With her relaxed attitude, I wondered if Carla’s friend had his dogs tied up or maybe they weren’t actually so BAD after all. As I thought about how many times I had ridden past that gate, or looked at Mr. Lobo’s peninsula from Carla’s back yard, I realized I had never actually seen any critters or heard any barking.

The driveway was still a little mushy in places from the rain, so we had to watch where we stepped. My shoes sank into the softness, especially where tires had pushed lots of sand, dirt and leaves into big, wet clumps. Before we walked very far, Carla unhooked Spock’s leash, but he stayed pretty close to her. Again, I wondered about the Mr. Lobo’s dogs—if there really were any and if so, how Spock got along with them. Spock. Oh yeah, that’s quite a name for a dog. No doubt about it. Carla calls him that because, like me, she’s wild about all those old Star Trek programs and movies.

Anyway, Carla’s use of my old nickname, Golden Boy, reminded me that the following week I had to start school. I say, “start school” because after mom and I moved here right before Thanksgiving, I talked her into letting me put off registering for a while. Actually she agreed to let me begin classes after the first of the year if I did all the housework up until then and promised to work hard in my classes. That gave me over a month off school and the house all to myself during the day while Mom got settled into her new job. Not a bad deal, actually.

Why did we move to St. Augustine? Ohhh, it was, ah, mostly because of financial trouble after … after my dad died. My grandfather’s house here in the city had been vacant since his death a couple of years ago, so we just moved in. For Mom it was like starting life over. Me? I hated the idea of moving away from Orlando and my friends, you know? Besides, the thought of having to live in a small town jammed with tons of tourists all the time didn’t exactly make my day. Yeah, we had tourists in Orlando, but at places like Disney World, not right outside our neighborhood like it is here.

“So tell me about this Lobo guy,” I asked while we followed the winding driveway deep into the bamboo forest. What a dark little jungle it looked like on that cloudy day, I swear. It even smelled like it, or at least how I imagine a jungle would smell—wet and moldy.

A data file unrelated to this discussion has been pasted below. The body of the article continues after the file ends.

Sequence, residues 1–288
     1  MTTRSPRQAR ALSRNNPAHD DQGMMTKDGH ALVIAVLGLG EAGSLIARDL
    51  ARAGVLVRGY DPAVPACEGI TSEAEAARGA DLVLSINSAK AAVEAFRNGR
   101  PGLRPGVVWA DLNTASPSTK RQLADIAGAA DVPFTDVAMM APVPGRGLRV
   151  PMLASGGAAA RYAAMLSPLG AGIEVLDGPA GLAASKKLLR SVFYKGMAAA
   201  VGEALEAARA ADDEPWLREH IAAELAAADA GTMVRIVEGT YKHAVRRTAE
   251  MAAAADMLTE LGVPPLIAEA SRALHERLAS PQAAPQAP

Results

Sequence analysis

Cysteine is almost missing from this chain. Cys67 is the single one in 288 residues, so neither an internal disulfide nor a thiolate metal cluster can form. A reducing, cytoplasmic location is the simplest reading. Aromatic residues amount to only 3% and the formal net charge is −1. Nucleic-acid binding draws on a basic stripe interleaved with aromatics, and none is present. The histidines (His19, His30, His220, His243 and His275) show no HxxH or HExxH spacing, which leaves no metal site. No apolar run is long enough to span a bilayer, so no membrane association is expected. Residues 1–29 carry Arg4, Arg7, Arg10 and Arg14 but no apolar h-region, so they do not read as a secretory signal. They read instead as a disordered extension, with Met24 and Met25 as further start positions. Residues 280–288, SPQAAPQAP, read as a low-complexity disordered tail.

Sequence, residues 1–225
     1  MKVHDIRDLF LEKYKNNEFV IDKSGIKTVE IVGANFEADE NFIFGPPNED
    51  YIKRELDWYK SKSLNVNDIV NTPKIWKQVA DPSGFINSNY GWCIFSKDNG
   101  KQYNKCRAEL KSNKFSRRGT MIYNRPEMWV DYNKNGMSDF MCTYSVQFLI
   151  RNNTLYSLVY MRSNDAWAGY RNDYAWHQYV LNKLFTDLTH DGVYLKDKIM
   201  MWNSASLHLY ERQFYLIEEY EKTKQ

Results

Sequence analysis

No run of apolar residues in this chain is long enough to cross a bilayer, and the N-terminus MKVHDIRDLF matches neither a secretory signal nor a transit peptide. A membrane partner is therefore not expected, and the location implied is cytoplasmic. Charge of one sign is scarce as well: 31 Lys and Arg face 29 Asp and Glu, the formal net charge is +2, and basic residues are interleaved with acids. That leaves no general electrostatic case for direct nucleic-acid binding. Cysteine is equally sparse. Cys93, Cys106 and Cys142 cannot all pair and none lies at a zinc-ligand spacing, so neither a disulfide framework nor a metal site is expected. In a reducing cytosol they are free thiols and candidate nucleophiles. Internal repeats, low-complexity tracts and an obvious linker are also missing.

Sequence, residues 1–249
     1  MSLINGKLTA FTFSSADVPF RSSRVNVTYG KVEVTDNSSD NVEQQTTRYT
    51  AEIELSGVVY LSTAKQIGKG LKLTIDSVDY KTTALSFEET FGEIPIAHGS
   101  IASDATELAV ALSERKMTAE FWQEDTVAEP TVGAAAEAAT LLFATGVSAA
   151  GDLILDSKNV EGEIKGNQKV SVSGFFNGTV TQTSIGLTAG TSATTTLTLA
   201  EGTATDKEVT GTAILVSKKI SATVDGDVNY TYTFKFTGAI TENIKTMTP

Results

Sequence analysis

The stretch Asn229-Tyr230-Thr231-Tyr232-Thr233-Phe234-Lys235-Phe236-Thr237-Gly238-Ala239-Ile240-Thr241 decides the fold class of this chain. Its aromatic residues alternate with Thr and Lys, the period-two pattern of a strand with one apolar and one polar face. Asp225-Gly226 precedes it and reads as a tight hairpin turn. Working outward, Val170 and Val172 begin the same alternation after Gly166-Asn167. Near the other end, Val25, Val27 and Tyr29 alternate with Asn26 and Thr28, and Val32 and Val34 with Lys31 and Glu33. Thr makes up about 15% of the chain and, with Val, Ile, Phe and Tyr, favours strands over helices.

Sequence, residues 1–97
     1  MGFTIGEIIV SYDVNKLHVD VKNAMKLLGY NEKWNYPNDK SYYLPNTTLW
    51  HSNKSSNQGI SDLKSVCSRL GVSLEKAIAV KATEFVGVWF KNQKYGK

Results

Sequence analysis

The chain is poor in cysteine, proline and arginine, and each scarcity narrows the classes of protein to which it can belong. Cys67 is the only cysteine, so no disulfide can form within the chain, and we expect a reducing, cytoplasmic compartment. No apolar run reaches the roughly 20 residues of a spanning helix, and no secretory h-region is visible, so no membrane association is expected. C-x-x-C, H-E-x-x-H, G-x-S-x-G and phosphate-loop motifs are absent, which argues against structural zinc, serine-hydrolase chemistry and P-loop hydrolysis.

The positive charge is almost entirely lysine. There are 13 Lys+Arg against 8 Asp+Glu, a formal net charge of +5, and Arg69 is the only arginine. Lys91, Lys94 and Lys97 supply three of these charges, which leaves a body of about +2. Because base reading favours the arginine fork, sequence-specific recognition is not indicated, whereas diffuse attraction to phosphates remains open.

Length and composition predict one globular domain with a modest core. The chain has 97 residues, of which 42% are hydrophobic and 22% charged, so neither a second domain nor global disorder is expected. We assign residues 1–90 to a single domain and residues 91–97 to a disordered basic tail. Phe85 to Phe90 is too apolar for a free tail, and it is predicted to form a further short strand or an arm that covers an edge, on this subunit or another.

Carla twisted her face like she wasn’t sure how she wanted to reply to my question about her friend. Finally, she said, “Lobo? Well, he’s a Native American and he ah … is a very … different type of person, I guess you might say.”

Her hesitation and emphasis on the word “type” made me wonder what she was hiding.

“Lobo is probably in his sixties or so. I’ll warn you now, he can be very grumpy.”

I would have never guessed by looking at the warning sign on his gate.

“To make a living, he does wood carvings. His work is quite beautiful really, and it’s for sale in art galleries here in St. Augustine as well as in Savannah.”

“So, he’s an Indian. What tribe?”

“Jeff!” she said in her I can’t believe you’re saying that voice. Carla proceeded to give me some instruction on the proper use of words, and how Indians got that name—something every kid hears in elementary school. She only uses the term Native American and hates the word Indian. Anyway, all that time, I’m thinking, who cares if Columbus got it wrong and named the natives of America after where he thought he was, India, the Indies, or wherever?

“And as for Lobo’s tribe,” she said, responding to my question, “I have no idea. All he says is he no longer has one. I don’t understand exactly what he means by that, but he won’t say anything more.”

At about that time, the driveway turned slightly to the right, and the bamboo ended. From there on, big old oaks trees dripping Spanish Moss lined each side of the mushy road and merged on top, making the whole area in front of us look like a tunnel. Near the end of that tunnel and the peninsula, I saw the back of a two-story house. It looked a lot like other old buildings in St. Augustine’s Historic District where we live, only not very well maintained.

While looking at that place though, I had a strong urge to turn around and run like hell. I mean, it was this almost overpowering need to be anywhere else—sort of an instant flash of panic. Really strange. Never had anything like that happen before in my life. Besides, there was no reason for such a strong, negative feeling like that to suddenly take hold of me. It didn’t make any sense. All I was doing was looking at an old house. Just as quickly as the feeling exploded into my head, it evaporated, leaving me a little spooked, to say the least.

My mind seemed to be running away with itself. When I put that panicky feeling together with my weird obsession with the BAD DOGS sign and my crazy dreams, I knew I had better get some rest and soon. Little did I know that I wouldn’t actually be sleeping until mid morning of the next day.